Throughout Lord of the flies, the conch is used by Golding as a symbol of democracy. It represents the importance of democracy and that just and enforceable laws are needed to regulate society. The conch is discovered by Piggy and automatically he recognises its usefulness "you can call a meeting" showing that moderate people appreciate democracy but sometimes the most intelligent people are the quietest and least popular. As Ralph and Piggy use it to call a meeting they display yet another feature of democracy, Ralph states "We can't have everybody talking at once. I'll give the conch to the next person and he won't be interrupted", by using the conch in this way Golding is implying that in a world of democracy even the weakest and most vulnerable are given a voice and freedom of speech. However as followers of Ralph (democracy) begin to instead follow Jack (dictatorship), Piggy begins to fiercely guard the conch, "I got the conch. I got the right to speak", Golding is implying that the conch is a way for Piggy to express his intelligent ideas and oppose Jack and keep him and the other hunters (bullies) in control, Piggy is holding onto the last shred of hope that democracy will remain and dictatorship will not begin. However as the final members of Ralph's tribe are forced into Jacks savage world, democracy comes crashing down. Piggy along with the conch are crushed, destroying democracy on the island for ever, symbolising how although democracy is beautiful and peaceful it is fragile. Golding contrasts this with the demise of the civilized instinct among almost all the boys on the island. Symbolising that in order for democracy to work it needs the support and vigilance of the majority of the society in order to ensure that laws are enforced and peace remains. Otherwise if the intelligent and the peacemakers in society are overrun, the society becomes a corrupt place with violent people in charge.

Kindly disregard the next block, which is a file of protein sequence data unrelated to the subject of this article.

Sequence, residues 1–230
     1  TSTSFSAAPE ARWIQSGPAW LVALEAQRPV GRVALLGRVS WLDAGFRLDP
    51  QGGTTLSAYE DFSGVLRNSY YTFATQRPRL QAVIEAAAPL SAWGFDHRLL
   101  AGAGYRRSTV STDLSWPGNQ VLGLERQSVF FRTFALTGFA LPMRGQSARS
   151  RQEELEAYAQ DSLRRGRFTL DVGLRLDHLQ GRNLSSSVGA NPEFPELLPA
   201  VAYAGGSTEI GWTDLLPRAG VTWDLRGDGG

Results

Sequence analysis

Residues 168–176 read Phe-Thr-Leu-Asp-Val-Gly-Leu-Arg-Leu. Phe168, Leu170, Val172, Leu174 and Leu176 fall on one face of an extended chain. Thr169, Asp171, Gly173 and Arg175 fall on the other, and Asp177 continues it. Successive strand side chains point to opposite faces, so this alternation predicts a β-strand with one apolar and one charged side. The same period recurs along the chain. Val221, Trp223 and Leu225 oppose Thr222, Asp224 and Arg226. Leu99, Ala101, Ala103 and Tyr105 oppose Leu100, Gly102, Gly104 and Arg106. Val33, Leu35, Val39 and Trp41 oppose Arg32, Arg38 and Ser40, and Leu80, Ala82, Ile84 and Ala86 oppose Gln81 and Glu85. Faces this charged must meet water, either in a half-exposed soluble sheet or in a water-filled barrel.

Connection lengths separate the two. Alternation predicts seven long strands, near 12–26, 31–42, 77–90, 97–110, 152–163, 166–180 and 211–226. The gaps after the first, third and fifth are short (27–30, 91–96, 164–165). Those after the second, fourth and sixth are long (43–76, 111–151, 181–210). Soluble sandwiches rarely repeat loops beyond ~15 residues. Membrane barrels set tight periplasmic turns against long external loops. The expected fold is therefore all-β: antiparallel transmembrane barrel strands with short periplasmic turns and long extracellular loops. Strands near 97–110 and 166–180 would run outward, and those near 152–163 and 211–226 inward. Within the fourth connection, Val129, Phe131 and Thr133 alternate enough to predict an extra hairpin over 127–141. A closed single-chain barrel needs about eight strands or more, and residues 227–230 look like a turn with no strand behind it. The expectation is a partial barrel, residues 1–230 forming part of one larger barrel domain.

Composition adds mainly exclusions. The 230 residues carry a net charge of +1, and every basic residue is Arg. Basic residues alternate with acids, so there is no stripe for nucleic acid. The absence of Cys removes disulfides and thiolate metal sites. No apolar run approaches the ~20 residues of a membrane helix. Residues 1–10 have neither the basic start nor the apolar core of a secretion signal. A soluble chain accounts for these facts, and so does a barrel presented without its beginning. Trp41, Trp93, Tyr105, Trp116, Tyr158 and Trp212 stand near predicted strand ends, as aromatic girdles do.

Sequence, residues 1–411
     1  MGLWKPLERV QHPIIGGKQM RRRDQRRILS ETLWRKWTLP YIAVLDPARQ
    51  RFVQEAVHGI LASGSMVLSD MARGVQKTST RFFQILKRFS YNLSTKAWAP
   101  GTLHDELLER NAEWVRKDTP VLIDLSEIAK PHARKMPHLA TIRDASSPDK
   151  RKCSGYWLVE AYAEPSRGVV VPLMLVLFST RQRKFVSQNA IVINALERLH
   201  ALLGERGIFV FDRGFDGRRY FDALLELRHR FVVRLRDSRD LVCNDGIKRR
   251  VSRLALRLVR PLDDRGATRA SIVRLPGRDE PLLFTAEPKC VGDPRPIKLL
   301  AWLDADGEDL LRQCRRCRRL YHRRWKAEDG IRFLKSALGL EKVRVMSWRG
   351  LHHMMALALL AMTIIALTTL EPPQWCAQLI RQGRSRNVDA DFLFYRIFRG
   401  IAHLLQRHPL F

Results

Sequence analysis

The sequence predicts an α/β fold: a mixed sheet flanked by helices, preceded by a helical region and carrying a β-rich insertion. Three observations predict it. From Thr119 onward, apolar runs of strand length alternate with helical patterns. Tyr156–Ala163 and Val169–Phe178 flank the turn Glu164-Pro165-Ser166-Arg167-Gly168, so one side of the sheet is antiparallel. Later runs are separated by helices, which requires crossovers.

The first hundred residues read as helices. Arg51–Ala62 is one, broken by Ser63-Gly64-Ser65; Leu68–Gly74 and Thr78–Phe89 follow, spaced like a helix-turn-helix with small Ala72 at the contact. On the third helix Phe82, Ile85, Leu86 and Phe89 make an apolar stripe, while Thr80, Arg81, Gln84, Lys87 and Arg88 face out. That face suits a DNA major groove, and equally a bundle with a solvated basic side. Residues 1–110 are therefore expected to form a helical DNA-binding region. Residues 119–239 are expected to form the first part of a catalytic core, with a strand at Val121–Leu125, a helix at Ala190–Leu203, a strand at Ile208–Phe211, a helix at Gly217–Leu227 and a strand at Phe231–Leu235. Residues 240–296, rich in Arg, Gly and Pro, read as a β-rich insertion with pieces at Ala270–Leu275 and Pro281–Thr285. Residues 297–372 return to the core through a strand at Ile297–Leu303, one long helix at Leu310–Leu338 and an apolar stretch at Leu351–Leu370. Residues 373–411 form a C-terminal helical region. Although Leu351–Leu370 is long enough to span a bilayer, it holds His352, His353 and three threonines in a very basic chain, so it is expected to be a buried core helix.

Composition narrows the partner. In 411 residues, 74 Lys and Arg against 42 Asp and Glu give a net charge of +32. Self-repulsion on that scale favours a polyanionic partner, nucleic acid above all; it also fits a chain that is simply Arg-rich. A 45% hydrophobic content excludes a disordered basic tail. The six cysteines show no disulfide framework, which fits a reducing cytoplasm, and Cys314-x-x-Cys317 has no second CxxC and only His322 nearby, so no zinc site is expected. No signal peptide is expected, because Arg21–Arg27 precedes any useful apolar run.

Another symbol that Golding uses is the signal fire. Golding uses the signal fire as a symbol of hope and destruction. At the beginning it is a symbol of hope and rescue, "We can light a fire." life became a race with the fire.....to keep a clean flag of flame flying on e mountain was the immediate end and no one looked further. At the sight of the flames and the irresistible course of the fire, the boys broke into shrill excited cheering." This is stilled when Piggy points out: That little 'un had a mark on his face-where-is-he now: the boys looked at each other fearfully, unbelieving." Golding uses this to present the boys as innocent over-excited children having fun until the shocking revelation that someone got hurt. The inexperience of the boys at looking after themselves and being able to light a fire foreshadows what will happen to the society. When Jack and his hunters let the fire